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Sunday, July 05, 2009

And Frank Easterbrook Thought the "Law of the Horse" Wasn't Fascinating?

Okay, campers.  Somebody please explain this one to me.

I decided I wanted to take at least one horseback riding lesson, because, well, I just want to.  We'll see where it goes from there.  I went up to the Bay Harbor Equestrian Club, where horses seem to live in nicer condos than most people, and I'm due to mount up this Thursday on "Nick," who is supposedly gentle on aging, "City Slicker" wannabe, never-been-on-a-horse-except-the-merry-go-round, where's the kickstand and the ignition key, what was that bubbeh said about Cossacks, rookie.

There is a big sign mounted just before you enter the riding ring (and it appears on the contract as well) that says:  Under the Michigan equine activity liability act, an equine professional is not liable for an injury to or the death of a participant in an equine activity resulting from an inherent risk of the equine activity.  Well, that's not off-putting to me, because I'm tough (I taught an upper level bar course - business associations - as a visiting prof in the fall of 2006 to returning 2Ls at Tulane who had just undergone the post-Katrina 1L year in which they stuffed an entire year into the spring and summer terms, and I lived to tell about it).  But as a sometime participant in the dialogue about corporate governance, I kind of wondered why riding instructors got a free pass when there's so much debate about the business judgment rule and good faith and all that stuff as it applies to directors (who also supposedly get a free pass).  So I looked up the statute.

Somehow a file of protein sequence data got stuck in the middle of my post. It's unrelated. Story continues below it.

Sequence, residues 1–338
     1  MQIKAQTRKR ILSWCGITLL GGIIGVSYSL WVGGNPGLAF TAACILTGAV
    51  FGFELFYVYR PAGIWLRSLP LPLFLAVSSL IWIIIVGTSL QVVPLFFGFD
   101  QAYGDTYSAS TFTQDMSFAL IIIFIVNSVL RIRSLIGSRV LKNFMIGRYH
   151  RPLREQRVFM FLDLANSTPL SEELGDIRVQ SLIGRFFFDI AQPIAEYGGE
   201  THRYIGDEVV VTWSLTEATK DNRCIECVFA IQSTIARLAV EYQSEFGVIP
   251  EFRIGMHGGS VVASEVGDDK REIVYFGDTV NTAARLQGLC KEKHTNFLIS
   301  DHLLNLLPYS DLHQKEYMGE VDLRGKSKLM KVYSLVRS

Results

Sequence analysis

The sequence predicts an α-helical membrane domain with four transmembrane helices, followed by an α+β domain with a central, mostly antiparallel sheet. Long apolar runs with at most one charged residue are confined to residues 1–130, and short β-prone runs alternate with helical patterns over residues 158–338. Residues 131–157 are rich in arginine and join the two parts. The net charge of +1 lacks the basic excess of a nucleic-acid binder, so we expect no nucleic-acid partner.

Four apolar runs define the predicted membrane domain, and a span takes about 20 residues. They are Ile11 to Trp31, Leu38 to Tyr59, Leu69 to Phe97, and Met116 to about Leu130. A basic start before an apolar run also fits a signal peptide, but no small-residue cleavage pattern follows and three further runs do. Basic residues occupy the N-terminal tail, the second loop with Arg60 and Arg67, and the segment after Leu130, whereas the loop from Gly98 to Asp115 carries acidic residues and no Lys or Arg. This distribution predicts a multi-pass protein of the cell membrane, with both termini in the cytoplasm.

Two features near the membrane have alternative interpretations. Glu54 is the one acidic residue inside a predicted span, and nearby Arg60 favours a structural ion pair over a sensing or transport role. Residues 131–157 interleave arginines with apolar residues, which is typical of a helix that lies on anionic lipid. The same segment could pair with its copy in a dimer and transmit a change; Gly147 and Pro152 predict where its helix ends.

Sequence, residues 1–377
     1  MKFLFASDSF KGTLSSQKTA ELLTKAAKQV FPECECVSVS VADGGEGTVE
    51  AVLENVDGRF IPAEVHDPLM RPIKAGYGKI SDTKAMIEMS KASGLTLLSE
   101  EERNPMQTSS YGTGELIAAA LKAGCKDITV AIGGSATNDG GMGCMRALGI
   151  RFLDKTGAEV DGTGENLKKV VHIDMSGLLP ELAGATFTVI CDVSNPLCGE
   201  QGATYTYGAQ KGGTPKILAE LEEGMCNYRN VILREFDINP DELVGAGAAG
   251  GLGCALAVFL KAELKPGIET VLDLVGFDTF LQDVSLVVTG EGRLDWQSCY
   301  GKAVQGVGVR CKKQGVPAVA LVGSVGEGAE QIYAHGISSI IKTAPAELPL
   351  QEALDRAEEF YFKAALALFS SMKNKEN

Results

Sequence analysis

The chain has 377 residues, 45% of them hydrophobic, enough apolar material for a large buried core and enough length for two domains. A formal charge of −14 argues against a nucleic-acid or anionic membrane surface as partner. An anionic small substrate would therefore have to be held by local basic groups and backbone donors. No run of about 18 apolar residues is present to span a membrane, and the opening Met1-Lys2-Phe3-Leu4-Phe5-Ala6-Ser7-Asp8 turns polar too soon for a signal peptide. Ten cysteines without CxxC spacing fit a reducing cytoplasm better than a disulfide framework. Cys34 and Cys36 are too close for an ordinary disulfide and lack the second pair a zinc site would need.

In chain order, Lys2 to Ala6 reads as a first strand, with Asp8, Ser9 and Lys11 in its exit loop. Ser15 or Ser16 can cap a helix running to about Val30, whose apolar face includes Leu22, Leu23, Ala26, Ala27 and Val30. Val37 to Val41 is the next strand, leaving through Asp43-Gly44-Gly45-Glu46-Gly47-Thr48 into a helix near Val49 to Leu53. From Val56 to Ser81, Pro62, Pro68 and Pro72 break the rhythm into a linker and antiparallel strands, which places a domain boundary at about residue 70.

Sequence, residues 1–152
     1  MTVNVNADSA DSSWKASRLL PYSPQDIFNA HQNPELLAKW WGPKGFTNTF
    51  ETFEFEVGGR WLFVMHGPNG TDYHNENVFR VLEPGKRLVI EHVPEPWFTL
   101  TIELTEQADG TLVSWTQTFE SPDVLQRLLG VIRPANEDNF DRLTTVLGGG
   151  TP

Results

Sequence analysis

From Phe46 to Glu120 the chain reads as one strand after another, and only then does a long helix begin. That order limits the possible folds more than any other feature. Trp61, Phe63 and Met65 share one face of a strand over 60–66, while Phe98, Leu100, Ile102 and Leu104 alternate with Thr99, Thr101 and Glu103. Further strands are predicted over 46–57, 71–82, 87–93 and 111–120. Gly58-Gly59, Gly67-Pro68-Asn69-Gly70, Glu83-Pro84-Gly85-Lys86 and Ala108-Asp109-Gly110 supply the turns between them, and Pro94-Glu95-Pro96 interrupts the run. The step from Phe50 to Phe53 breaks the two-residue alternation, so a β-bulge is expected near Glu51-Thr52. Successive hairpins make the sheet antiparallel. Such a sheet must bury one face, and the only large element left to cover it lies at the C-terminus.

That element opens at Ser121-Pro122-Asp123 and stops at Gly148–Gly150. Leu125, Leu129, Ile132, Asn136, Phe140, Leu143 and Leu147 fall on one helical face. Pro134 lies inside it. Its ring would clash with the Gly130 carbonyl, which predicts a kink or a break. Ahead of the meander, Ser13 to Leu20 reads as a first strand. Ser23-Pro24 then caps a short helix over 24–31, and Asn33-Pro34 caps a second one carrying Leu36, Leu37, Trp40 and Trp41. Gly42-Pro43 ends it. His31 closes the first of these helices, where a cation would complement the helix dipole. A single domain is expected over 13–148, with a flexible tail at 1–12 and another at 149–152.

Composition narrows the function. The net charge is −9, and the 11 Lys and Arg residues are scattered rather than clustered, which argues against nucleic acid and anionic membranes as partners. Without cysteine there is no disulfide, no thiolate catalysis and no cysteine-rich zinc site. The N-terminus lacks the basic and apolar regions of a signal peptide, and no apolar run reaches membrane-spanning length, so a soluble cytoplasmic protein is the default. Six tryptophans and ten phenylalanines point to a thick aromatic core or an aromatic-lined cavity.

The statute expressly provides that the sign and contract must contain exactly that warning.  MCLA §691.1666(3).  And, I suppose it's literally true.  But this looks like an instance in which the exception subsumes the rule.  Yup, Section 3 says "Except as otherwise provided in section 5, an equine activity sponsor, an equine professional, or another person is not liable for an injury to or the death of a participant or property damage resulting from an inherent risk of an equine activity."  MCLA §691.1663.  But when we get to §5, we see (in relevant part) that the equine professional is nevertheless liable for (a) providing faulty equipment or tack if it is the proximate cause of the injury, (b) providing a horse and failing to make sure that the participant's ability fits that particular horse, and (c), the biggest catch-all, "commit[ting] a negligent act or omission that constitutes a proximate cause of the injury, death, or damage."